Virus is double trouble for economy

Louisiana’s top economist said Friday that the coronavirus pandemic and subsequent stay-at-home order issued mid-March, along with the plummeting price of oil, have been a double-whammy for a state projected earlier to do quite well this year.

In a webinar presented by the Southwest Louisiana Economic Development Alliance on Friday, Loren C. Scott, professor emeritus of economics at LSU, spoke to the effects that the one-two punch has had on the state and region.

Scott said there have been 21,426 unemployment claims filed in Calcasieu and Cameron parishes in the past five weeks in response to the state’s suspension of non-essential business.

He said that when combined with the 4,300 already unemployed, the Lake Charles metropolitan area has an implied unemployment rate of 29 percent.

“These are numbers like we’ve never seen before,” he said. “But, I want to emphasize, what is going on now is not because of something fundamentally wrong in the economy,” he said. “The underlying basis of the economy is basically very good.”

He said the job losses are directly related to the pandemic and the safety precautions taken to slow it.

As the result of the state’s suspension of all non-essential business, there were 72,438 unemployment claims filed over the week that ended on March 21. Scott said, pre-coronoavirus, that number would have been around 1,500.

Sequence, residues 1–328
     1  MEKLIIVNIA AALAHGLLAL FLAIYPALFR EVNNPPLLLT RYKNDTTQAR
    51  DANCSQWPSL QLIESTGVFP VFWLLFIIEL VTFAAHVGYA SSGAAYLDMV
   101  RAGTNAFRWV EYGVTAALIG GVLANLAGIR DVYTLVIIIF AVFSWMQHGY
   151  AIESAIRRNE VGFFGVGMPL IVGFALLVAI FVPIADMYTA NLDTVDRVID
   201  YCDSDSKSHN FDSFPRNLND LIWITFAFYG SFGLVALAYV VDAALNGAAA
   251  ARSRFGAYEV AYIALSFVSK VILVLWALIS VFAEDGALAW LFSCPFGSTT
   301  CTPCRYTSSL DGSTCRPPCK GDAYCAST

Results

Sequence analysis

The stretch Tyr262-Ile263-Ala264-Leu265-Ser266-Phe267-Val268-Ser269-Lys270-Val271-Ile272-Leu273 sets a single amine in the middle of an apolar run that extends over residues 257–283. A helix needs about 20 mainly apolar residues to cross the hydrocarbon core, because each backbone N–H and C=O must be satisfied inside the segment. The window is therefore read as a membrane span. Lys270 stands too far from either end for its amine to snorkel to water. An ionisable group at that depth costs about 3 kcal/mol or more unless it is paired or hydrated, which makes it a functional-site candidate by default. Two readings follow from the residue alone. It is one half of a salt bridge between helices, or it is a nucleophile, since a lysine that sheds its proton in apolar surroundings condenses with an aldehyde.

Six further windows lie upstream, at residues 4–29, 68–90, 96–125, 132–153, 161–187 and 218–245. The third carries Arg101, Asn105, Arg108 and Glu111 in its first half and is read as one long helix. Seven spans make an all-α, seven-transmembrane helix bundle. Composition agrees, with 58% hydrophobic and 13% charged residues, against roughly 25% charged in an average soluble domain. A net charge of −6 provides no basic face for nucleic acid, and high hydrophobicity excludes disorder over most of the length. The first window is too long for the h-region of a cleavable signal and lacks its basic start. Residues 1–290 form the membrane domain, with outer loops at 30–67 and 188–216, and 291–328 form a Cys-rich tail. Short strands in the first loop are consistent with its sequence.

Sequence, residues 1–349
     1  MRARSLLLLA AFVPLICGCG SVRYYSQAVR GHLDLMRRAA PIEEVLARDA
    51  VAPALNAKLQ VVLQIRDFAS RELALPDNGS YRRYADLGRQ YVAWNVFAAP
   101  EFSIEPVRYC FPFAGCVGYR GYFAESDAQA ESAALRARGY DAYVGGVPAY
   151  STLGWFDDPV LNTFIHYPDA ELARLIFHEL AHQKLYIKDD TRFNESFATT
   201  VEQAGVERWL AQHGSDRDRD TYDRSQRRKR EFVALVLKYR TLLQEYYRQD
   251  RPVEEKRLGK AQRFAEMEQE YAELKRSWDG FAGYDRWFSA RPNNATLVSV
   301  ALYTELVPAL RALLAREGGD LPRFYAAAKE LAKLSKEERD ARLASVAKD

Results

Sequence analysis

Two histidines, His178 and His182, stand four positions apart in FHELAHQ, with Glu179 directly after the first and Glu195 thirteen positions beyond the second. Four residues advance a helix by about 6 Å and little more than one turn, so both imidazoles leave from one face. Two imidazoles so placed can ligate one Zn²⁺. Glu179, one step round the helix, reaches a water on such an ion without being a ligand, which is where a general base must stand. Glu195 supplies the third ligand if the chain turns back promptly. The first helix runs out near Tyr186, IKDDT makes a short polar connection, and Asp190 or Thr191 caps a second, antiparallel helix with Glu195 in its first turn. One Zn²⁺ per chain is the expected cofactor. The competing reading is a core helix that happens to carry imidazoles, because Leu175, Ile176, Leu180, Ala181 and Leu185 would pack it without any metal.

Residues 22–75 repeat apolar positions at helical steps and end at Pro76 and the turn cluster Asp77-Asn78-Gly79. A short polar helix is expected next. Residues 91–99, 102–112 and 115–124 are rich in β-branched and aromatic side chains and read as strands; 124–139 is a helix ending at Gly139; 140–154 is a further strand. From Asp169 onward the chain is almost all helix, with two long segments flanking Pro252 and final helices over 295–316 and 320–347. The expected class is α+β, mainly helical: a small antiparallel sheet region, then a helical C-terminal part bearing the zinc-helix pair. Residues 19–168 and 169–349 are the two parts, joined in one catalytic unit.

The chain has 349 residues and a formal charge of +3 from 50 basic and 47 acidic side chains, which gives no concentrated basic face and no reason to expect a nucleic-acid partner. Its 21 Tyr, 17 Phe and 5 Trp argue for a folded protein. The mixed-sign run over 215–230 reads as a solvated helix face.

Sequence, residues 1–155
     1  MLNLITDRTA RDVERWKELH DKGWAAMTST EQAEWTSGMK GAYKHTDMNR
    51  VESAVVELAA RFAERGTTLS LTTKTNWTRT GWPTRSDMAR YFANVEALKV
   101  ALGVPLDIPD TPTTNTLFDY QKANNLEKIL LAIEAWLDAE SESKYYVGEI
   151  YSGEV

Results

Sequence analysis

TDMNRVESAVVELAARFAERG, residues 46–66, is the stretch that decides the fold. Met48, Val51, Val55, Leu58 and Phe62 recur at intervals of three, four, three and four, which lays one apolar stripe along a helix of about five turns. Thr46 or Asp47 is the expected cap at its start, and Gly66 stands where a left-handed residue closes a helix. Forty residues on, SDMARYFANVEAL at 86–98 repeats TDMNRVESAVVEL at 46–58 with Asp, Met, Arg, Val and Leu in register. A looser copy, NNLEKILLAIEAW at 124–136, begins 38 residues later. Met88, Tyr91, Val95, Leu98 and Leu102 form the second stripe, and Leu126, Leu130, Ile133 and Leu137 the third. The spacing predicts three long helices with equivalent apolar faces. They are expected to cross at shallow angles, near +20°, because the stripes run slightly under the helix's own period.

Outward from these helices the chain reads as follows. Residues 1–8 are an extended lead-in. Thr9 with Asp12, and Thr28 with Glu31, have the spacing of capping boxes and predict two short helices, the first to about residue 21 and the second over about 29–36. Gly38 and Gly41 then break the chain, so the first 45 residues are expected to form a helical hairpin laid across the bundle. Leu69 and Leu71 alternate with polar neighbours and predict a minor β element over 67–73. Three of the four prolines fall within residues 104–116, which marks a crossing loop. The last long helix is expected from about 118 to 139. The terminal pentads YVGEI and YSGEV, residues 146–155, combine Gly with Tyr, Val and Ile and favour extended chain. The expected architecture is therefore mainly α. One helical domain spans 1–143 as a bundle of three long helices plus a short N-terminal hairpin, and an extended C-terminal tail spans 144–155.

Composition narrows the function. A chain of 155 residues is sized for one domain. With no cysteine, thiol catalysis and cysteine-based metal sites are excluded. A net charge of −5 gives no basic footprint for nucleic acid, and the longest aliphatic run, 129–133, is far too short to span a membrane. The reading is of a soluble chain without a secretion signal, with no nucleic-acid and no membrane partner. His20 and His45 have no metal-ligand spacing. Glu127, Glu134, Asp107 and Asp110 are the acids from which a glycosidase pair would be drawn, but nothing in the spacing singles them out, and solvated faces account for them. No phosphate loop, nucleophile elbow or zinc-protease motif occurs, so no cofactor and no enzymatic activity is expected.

He said this level of unemployment applications hasn’t been seen since Hurricanes Katrina and Rita. By April 18, unemployment claims in Louisiana totaled 443,586 — about one-fourth of the state’s labor force.

As the pandemic continued to spread, Scott said the oil market presented a second shock to the state.

One component of that shock was the dramatic decline in the demand for oil as the result of the virus. Scott said about 60 percent of oil consumption in the world is for transportation. During the week of April 11 there was a 46 percent decline in the demand for gasoline.

The typical world demand is 100 million barrels of oil per day.

The International Energy Administration projects the decrease to be about 29 million barrels.

“So, about one-third of the oil demand has suddenly dropped,” Scott said. “This is something we’ve never seen, really, in history before.”

Scott said during the Great Recession in 2009, the drop in demand was only 2.9 million barrels a day. He said demand is expected to increase in the first quarter of 2021.

Scott said the refineries are operating at around 69 percent of operating capacity now. He said smaller refineries often decide to completely shut down when they reach 60 percent.

“I don’t think that’s going to happen here,” he said.

Another component was the price war. Scott said in early March, OPEC nations met with Russia to discuss further decreases in oil production. He said OPEC had been helping the global market by taking oil off the market to keep prices up. Russia did not agree to the proposal. In response, OPEC put a halt to the decrease in production and added 2.5 million barrels to the market.

Scott there has been a recent compromise in which OPEC+ and G20 members, along with others, agreed to decrease production by a combined total of 37 million barrels of oil per day. But it won’t be implemented until May 1. He said there is now a scramble by producers to locate storage for the huge buildup of oil. Scott said Saudi crude oil carriers are just sitting in the ocean with no where to offload the oil.